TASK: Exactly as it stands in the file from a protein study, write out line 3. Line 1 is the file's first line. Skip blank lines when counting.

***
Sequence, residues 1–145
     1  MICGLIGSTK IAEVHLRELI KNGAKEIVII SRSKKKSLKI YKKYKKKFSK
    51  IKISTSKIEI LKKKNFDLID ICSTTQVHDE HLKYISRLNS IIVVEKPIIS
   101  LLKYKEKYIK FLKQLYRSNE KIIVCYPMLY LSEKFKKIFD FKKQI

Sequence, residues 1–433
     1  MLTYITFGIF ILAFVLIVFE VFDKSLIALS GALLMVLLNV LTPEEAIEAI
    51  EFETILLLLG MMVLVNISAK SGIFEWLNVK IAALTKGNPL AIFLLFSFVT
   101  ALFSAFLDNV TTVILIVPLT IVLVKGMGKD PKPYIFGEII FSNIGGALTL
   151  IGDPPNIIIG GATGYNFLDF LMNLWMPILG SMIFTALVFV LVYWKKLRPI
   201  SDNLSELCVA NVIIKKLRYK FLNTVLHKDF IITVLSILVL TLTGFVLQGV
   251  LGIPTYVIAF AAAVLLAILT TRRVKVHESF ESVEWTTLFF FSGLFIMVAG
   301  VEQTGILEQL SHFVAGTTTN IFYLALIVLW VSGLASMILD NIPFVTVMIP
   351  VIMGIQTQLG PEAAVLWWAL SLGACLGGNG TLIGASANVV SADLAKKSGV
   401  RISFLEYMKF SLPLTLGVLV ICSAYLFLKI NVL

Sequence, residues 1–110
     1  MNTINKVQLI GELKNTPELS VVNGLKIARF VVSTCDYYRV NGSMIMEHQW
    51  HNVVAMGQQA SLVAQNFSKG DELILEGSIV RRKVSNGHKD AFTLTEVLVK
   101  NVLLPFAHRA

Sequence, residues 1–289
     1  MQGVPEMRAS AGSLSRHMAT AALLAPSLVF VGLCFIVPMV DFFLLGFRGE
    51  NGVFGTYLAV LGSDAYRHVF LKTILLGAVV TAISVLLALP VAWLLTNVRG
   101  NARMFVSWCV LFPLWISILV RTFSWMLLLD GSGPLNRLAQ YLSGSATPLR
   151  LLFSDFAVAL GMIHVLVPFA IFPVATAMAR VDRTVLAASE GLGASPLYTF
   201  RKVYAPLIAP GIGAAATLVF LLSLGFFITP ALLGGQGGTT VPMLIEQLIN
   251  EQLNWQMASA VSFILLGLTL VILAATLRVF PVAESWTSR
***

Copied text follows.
    51  IKISTSKIEI LKKKNFDLID ICSTTQVHDE HLKYISRLNS IIVVEKPIIS